CEO Mary Barra announced recently that the auto giant is pairing up with others to deploy 120 miles of technology-enabled highways around Detroit.
Mary Barra, the chief executive of General Motors, is taking an activist role, pushing the auto giant toward a future in which computers will take over more driving functions from humans.
One part of so-called “autonomous” technology will encompass cars enabled to communicate with one another and with “smart” highways. Barra announced on Sunday that GM is partnering with the Michigan Department of Transportation, Ford Motor, and a University of Michigan consortium to deploy 120 miles of technology-enabled highways around Detroit.
GM researchers have been developing autonomous systems for piloting cars for decades. But the automaker hasn’t been as vocal about it as Nissan, Volkswagen, Toyota, and others. Now, GM is playing catch up, at least in terms of public perception. For Barra, the promise to introduce advanced technology to improve the safety of drivers, passengers, and pedestrians provides a welcome respite from the months of criminal and regulatory scrutiny into defective GM ignition switches.
“We are on a journey that one day, in the not so distant future, intelligent and connected vehicle technologies could help eliminate the crash altogether,” said Jon Lauckner, GM chief technology officer.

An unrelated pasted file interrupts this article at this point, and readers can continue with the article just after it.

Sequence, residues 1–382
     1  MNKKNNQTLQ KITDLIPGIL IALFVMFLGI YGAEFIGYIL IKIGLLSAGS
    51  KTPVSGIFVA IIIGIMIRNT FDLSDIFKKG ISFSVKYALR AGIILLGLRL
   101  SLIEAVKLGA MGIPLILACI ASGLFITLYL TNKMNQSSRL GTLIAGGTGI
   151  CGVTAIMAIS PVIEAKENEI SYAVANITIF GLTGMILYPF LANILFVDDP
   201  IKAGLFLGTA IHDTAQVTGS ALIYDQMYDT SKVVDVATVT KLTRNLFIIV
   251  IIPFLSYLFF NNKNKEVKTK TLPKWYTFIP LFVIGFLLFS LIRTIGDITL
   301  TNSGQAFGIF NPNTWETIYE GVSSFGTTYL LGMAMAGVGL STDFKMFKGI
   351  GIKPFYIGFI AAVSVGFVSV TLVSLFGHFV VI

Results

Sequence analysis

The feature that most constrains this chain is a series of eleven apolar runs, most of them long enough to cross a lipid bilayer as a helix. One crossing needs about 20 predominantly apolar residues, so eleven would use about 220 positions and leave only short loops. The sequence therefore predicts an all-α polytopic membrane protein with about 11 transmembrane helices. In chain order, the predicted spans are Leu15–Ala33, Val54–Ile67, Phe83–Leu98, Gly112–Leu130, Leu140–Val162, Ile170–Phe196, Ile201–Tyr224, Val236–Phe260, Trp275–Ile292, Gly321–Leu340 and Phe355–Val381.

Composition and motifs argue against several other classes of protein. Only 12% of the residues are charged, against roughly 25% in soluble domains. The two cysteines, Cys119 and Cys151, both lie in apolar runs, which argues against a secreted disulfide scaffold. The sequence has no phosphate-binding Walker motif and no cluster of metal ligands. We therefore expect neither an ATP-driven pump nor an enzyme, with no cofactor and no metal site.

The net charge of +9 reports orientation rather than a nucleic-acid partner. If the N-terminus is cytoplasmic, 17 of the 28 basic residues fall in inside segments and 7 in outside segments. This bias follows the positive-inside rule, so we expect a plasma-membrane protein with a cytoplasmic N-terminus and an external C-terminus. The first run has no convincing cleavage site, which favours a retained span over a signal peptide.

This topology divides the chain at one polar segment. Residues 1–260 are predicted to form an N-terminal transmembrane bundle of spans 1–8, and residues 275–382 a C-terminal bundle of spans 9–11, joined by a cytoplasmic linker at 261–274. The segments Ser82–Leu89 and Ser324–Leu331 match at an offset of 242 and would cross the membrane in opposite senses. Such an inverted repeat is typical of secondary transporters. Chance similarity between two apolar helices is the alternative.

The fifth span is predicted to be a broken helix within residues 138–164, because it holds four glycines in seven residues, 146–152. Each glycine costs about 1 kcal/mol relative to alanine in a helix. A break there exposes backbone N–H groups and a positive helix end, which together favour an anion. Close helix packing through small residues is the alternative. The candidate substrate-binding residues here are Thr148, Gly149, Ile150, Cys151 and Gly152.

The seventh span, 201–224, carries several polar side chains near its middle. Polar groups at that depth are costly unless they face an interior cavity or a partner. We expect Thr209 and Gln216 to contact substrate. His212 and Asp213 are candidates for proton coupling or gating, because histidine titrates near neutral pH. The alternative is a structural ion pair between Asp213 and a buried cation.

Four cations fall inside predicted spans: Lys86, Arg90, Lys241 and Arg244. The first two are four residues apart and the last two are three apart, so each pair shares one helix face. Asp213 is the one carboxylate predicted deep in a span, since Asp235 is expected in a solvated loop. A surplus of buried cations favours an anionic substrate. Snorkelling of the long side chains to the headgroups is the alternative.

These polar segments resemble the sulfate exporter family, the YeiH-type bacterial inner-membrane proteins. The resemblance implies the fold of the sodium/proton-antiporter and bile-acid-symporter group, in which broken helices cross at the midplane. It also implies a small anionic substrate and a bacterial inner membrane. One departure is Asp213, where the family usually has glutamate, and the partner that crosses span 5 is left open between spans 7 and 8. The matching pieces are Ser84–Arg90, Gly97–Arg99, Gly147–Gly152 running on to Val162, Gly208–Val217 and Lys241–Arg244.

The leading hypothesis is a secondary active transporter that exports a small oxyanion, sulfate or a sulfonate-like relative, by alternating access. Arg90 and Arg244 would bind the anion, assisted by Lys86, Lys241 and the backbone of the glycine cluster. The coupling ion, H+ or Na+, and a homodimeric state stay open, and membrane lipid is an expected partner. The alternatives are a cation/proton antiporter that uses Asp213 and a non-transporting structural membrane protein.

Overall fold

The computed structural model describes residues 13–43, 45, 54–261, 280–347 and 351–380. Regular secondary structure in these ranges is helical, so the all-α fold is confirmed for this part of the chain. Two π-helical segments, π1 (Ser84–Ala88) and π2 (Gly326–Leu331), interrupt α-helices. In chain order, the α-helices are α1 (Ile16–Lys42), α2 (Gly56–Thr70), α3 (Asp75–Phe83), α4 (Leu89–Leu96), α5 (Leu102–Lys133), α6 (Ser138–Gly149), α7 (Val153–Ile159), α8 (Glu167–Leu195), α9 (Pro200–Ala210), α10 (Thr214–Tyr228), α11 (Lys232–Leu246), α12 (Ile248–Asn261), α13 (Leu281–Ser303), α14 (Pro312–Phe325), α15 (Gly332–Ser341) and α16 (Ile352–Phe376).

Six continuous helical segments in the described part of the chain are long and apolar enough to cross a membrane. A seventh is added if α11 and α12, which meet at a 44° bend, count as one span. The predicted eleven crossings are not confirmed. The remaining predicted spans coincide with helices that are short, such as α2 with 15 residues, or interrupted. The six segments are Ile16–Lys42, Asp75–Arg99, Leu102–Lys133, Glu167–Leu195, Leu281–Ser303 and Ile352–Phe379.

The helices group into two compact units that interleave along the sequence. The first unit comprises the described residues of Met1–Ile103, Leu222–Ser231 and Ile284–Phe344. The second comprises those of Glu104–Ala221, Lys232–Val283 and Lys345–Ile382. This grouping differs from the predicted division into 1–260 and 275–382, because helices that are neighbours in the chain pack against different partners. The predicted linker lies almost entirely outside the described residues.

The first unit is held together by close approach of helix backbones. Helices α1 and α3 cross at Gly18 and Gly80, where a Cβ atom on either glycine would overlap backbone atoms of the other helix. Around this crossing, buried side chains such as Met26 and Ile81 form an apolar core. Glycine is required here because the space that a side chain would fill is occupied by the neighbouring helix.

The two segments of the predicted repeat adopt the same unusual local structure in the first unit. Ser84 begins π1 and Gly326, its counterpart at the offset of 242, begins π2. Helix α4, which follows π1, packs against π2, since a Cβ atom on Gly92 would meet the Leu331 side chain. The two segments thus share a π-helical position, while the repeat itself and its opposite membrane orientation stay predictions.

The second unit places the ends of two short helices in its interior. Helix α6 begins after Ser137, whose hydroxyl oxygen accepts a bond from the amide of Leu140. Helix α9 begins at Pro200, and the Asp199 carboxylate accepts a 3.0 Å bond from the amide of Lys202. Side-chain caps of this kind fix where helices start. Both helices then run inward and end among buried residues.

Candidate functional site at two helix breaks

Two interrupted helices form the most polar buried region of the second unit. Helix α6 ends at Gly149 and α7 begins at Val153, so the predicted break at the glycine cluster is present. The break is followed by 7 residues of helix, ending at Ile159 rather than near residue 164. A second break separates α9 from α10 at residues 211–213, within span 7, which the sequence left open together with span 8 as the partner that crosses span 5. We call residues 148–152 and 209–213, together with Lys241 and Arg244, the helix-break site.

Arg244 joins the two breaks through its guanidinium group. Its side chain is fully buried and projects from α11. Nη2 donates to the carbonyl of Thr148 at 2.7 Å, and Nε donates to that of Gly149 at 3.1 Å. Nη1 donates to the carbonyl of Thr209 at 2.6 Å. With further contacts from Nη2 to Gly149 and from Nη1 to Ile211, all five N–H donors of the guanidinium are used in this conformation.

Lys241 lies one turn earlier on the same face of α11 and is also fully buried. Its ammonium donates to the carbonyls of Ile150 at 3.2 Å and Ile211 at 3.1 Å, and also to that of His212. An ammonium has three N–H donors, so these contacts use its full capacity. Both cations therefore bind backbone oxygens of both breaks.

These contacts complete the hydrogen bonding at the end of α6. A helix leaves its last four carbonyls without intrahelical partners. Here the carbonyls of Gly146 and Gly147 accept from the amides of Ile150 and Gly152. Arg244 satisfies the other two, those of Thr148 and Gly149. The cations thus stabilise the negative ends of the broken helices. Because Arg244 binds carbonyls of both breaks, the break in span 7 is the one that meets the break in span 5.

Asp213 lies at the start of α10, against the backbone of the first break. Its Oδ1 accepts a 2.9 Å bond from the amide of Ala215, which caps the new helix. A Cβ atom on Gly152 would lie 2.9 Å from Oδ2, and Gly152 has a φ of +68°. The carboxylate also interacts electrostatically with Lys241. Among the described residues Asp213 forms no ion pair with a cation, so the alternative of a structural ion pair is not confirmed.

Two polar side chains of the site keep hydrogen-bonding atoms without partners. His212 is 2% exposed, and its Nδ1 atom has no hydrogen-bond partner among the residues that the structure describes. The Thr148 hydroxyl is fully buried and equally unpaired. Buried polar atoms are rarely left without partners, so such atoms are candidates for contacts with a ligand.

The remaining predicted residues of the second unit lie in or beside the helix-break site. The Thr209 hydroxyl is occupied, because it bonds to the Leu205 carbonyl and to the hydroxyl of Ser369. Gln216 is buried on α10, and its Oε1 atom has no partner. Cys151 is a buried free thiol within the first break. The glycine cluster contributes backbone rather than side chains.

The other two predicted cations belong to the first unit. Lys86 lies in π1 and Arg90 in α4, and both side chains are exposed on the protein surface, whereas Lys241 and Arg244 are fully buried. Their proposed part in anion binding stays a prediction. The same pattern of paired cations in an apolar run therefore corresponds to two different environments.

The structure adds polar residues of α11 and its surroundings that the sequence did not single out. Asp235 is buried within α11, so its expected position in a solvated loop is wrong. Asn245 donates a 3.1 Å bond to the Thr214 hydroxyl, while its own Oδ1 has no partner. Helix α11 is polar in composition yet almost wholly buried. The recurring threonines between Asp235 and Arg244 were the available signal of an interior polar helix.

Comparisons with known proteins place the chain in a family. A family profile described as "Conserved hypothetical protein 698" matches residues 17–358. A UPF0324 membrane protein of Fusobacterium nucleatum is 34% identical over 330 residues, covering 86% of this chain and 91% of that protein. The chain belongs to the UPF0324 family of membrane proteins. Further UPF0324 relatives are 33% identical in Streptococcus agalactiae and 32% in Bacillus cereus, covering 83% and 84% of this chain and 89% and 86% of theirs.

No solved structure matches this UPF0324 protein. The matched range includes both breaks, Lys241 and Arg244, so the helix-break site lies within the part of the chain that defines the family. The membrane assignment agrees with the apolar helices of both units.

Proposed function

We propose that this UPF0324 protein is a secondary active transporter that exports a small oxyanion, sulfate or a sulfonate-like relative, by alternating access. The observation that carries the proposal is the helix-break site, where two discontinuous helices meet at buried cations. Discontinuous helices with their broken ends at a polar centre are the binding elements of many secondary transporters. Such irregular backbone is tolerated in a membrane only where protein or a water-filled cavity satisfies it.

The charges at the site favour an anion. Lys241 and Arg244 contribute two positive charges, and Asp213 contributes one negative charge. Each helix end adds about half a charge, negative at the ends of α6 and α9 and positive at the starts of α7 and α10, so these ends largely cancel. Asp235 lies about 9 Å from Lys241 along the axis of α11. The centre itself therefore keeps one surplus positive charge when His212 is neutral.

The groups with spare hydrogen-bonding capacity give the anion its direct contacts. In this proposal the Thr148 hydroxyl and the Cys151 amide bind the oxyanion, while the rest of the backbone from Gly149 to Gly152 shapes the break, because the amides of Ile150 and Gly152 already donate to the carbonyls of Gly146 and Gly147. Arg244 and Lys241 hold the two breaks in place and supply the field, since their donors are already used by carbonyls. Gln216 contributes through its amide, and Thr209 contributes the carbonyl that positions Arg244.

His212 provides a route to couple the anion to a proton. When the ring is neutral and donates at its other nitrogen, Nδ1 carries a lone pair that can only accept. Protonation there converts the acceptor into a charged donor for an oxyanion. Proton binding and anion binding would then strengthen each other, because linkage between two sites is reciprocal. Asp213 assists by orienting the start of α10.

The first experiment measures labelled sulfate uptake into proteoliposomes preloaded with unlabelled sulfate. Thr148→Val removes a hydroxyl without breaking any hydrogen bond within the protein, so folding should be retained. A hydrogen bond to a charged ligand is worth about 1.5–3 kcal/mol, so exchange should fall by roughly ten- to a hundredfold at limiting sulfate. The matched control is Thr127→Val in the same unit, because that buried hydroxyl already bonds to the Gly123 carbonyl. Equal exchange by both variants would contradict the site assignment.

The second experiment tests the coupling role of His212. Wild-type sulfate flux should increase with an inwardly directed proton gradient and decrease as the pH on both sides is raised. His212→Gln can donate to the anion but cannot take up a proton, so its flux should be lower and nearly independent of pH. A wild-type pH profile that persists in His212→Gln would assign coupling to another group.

In one example of advanced vehicle communication, an enabled car could detect a pedestrian or bicyclist carrying a transponder, yet undetectable to sensors, thereby avoiding or mitigating a collision. GM’s 2017 model CTS will have such equipment, Barra said.
Like other automakers, GM favors an incremental approach toward technology, starting with a feature it calls “Super Cruise” that will be offered on a new 2017 Cadillac model, yet-to-be designated. Super Cruise would allow drivers to take their hands of the wheel, as the car travels safely in its lane, automatically slowing down or speeding up depending on traffic in what GM terms “certain highway conditions.”
Google has been testing autonomous technology on California roads and has announced that it is developing a car that will be fully autonomous, perhaps even lacking a steering wheel and pedals. Automakers regard Google’s project cautiously, though it has spurred them to accelerate and publicize their own efforts in that direction.
Lauckner, citing a study by a technology research firm, said society’s hopes and expectations for autonomous driving are probably exaggerated. The hype surrounding driverless cars follows the pattern of many new trends, such as battery-powered vehicles. But once expectations are tempered by reality, he said, they begin to build once more.
Last week, Toyota said it would begin offering advanced systems to assist drivers and improve safety into its least expensive vehicles. GM so far is using its Cadillac premium car line to showcase such technology. It remains to be seen if GM may soon feel pressure to extend driver-assistance features into less expensive models as well.
And then there’s Google. Who can be sure the technology company won’t soon—and unexpectedly—demonstrate a fully driverless vehicle that completely alters the auto industry’s assumptions?